an adaptive filter to produce an estimate of the echo of the far-end speech; and
a residual echo estimator to independently estimate real and imaginary parts of the DFT of the difference between the echo of the far-end speech and the estimate of the echo of the far-end speech, wherein the residual echo estimator includes a cross-term calculator to calculate an estimate of a cross-term resulting from a lack of an assumption that the near-end speech, the noise, and the echo of the far-end speech are statistically independent; and
a noise reduction circuit responsive to the real and imaginary parts of the residual echo to produce estimates of the near-end speech; and
a circuit to estimate a sum of the near-end speech and the noise, the circuit being responsive to a double-talk indicator, the circuit being configured to estimate the sum as an average of the composite signal and a previous estimate of the near-end speech.
11. A method of estimating residual echo in an acoustic echo cancellation system, the method comprising separately estimating real and imaginary parts of the DFT of the residual echo, wherein separately estimating comprises:
estimating the real part of the DFT of the residual echo from a real part of a DFT of a near-end composite signal, a real part of a DFT of an adaptive filter output signal, a real part of a DFT of an error signal generated by a difference between the near-end composite signal and the adaptive filter output signal, and an approximation of a sum of a real part of a DFT of a near-end speech signal and a real part of a DFT of a near-end noise signal.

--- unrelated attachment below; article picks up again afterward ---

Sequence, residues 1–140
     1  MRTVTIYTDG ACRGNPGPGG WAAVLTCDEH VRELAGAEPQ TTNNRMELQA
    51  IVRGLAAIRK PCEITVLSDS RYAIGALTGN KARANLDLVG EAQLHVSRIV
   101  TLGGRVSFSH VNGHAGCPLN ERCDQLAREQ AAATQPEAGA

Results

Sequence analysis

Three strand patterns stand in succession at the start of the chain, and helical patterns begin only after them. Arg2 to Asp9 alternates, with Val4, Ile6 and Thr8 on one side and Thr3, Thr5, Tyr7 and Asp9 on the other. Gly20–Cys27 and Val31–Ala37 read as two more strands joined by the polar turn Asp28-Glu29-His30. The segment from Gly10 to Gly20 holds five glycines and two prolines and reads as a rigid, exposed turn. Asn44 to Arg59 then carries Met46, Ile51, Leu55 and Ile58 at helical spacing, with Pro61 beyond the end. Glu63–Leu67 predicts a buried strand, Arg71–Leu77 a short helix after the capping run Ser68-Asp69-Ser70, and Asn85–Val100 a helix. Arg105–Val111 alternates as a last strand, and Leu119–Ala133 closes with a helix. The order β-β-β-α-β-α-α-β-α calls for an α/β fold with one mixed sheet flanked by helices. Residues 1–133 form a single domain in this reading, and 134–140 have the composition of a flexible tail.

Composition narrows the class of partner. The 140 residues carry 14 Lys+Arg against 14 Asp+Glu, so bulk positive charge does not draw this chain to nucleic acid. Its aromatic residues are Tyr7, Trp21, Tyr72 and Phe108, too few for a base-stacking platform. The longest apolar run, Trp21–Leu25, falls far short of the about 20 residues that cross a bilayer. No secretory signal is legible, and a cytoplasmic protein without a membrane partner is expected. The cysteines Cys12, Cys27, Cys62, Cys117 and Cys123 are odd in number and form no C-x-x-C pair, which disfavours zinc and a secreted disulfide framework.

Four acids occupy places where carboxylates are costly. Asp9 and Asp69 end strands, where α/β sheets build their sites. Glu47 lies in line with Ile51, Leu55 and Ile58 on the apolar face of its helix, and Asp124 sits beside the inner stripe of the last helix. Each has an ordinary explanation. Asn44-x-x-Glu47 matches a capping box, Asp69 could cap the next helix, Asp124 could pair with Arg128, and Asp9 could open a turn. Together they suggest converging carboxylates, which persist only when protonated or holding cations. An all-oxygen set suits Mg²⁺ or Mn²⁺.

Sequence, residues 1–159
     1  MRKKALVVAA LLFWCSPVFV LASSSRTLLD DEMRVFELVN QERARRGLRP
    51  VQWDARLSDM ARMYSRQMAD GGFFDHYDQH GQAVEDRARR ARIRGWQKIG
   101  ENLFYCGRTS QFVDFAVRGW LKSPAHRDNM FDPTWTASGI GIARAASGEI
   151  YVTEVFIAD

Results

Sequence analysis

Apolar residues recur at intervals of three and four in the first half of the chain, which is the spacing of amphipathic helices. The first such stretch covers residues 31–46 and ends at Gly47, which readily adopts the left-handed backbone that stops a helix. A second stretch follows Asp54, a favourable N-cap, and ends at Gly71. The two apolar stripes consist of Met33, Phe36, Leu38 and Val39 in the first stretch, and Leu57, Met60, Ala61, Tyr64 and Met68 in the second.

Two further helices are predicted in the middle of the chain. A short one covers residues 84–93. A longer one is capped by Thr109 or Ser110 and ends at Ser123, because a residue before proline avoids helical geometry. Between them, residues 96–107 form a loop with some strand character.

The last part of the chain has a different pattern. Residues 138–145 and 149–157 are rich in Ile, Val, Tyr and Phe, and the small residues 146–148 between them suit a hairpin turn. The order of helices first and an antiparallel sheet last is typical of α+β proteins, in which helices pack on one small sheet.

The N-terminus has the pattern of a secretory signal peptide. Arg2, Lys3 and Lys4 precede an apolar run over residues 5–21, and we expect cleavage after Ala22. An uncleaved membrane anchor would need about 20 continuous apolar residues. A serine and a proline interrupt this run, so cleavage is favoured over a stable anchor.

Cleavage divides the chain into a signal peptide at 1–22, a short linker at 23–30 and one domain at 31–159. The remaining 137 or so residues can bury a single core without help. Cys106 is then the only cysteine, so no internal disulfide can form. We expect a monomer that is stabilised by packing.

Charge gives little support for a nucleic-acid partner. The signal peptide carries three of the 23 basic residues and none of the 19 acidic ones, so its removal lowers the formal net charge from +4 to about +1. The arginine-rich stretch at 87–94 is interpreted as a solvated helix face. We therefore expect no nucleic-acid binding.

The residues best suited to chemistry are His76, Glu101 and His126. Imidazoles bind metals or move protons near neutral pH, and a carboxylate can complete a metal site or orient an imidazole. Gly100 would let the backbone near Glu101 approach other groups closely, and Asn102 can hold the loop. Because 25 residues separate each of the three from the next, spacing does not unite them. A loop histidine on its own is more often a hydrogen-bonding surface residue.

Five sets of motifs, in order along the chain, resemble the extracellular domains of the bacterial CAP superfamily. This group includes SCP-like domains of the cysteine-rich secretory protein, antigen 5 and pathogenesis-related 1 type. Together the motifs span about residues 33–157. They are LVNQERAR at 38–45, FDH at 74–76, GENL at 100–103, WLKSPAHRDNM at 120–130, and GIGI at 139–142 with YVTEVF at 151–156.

12. The method of claim 11 wherein the square of the real part of the DFT of the residual echo is estimated according to an equation R rn 2 ( k ) = ( Z rn 2 ( k ) - E rn 2 ( k ) - Y ^ rn ( k ) ( S rn ( k ) + V rn ( k ) ) - Y ^ rn 2 ( k ) ) 2 Y ^ rn 2 ( k )
wherein:
Rrn(k) is the real part of the DFT of the residual echo;
Ern(k) is the real part of the DFT of the error signal;
Zrn(k) is the real part of the DFT of the near-end composite signal;
Ŷrn(k) is the real part of the DFT of the adaptive filter output signal; and
(Srn(k)+Vrn(k)) represents the approximation of the sum of the real part of the DFT of the near-end speech signal and the real part of the DFT of the near-end noise signal.
13. The method of claim 12 further comprising:
using the real part of the DFT of the near-end composite signal to approximate the sum of the real part of the DFT of the near-end speech signal and the real part of the DFT of the near-end noise signal when a near-talker is quiet.
14. The method of claim 13 wherein the square of the real part of the DFT of the residual echo is estimated according to an equation: R rn 2 ( k ) = ( Z rn 2 ( k ) - E rn 2 ( k ) - Y ^ rn ( k ) Z rn ( k ) - Y ^ rn 2 ( k ) ) 2 Y ^ rn 2 ( k ) .
15. The method of claim 12 further comprising: